You see, when it came to caring for God and man, the Pharisees didn’t really care for either – they cared about themselves. The Pharisee didn’t really care about glorifying God – he just wanted to glorify himself. Think again of the parable of the Pharisee and the tax collector. The Pharisee wasn’t there to worship God. He was there to proclaim his righteousness before men. He stepped up to the most prominent place and instead of going there humbly and first confessing his sin to God, he loudly proclaimed his lack of sin. The ironic thing was that he was full of sin – if nothing else the sin of pride and full of lies and self-deception. But you see that’s what happens when we choose to follow our religion based on our own ideas of what’s important – when we set our own agenda for holiness instead of following God’s. We make a list of all the do’s and don’ts that we think are important and we compare ourselves to others – and then we’re satisfied because we’re doing better at keeping our list then someone else is. But in doing that we forget bout the importance of our relationship with God.
I’ve seen some real Pharisees in the church. I’ve known men struggling to keep their heads above water in dealing with the sin of homosexuality, who when they went to a church, were treated like dirt. I’ve seen men stand like the Pharisee before God saying, “Thank God that I’m not like this poor gay! I’ve never had a gay thought in my life!” I’ve seen women who have left behind lives of promiscuity or prostitution come to the Church and been treated the same way. And yet it’s the men and women struggling with sin, daily fighting to keep their heads above water, that understand their need to daily commit themselves to God’s care and who are spending time in prayer and in the Word – growing close to God – while those condemning them barely crack their Bibles open during the week and pray – if they pray – only when they’re in desperate trouble or have some need – and then their prayers are just “Gimme, gimme, gimme, God!”
You see, that’s the other thing that condemned the Pharisee: the total absence of the Beatitudes in his life. This is the difference between him and the Christian. The Christian lives the Beatitudes. He’s poor in spirit, he’s meek, he’s merciful, he’s a peacemaker. He’s not satisfied that he’s done one righteous thing today. No, he hungers and thirsts for righteousness. His one great desire is to be just like Jesus. Where the Pharisee was self-satisfied, the Christian is never satisfied, because with each step he takes toward Christ-likeness the more he realises just how many steps there are between him and his goal. That’s how we have to judge ourselves.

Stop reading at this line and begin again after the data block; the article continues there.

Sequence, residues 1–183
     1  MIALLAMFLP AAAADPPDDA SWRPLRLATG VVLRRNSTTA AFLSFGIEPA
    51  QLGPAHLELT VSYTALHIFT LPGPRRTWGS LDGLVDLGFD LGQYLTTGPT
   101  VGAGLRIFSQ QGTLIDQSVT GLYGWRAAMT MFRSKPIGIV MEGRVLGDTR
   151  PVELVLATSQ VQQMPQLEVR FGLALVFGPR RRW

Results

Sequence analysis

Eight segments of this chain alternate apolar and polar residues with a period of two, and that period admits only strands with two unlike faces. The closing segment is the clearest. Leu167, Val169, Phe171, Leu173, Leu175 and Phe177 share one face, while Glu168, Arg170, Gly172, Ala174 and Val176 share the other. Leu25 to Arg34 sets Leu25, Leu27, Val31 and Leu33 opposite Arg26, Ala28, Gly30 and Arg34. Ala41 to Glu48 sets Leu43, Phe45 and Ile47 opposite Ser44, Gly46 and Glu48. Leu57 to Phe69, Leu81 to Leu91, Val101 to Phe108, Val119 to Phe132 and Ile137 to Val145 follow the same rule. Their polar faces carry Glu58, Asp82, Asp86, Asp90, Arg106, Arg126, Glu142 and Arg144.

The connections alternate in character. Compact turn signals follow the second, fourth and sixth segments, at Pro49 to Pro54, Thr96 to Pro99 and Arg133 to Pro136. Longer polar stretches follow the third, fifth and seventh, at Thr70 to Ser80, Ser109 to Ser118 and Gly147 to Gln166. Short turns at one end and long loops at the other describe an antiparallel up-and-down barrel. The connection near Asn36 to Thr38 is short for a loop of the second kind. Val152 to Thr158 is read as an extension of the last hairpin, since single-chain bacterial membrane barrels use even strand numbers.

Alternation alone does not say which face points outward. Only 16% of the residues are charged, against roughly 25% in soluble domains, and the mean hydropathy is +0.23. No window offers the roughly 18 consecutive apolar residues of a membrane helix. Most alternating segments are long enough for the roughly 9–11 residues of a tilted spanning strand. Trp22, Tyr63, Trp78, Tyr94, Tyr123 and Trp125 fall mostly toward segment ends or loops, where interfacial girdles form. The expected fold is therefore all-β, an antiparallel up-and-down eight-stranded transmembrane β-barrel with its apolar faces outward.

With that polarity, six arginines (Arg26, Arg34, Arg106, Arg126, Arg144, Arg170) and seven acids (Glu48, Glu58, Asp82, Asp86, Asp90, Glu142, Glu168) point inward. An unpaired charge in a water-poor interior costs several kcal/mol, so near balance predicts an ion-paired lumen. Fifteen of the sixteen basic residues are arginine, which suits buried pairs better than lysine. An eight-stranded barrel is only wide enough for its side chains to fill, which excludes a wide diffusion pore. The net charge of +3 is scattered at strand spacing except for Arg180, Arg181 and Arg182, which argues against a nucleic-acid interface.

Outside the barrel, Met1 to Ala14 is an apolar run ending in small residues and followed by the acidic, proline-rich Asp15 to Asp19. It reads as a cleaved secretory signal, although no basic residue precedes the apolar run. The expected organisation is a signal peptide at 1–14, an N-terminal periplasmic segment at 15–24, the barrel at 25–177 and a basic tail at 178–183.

In the end, Jesus condemns the Pharisees, not because they kept the Law in part, but because they didn’t really keep it at all. They tithed from the tiny mint plant that grew up in the wheat field and they fasted twice a week, but they forgot the main point of the Law: love of God and love of man! That’s the core of true religion. Loving God and loving our neighbour is the true worship that God wants from us. If we aren’t doing that, the rest is pointless. In fact if we aren’t loving God and our neighbour, any other offering we bring to God is unacceptable. That’s why Jesus says that if you come to the altar and remember that your brother or sister has something against you, go and make amends first, then come back and make your offering.
You should come to Church every week. You should be tithing. But those things don’t make you holy. The true test of holiness is your relationship with God, your attitude toward him, your desire to keep his commandments out of gratitude for what he’s done for you. The externals of religion grow out of the internals. If you’re doing the externals without the internals you’re a Pharisee – you’re a whitewashed tomb full of dead men’s bones. As Martyn Lloyd-Jones says, “To be holy does not just mean the mere avoidance of certain things, or even not thinking certain things; it means the ultimate attitude of the heart of man towards that holy, loving God, and, secondly, our attitude towards our fellow men and women.”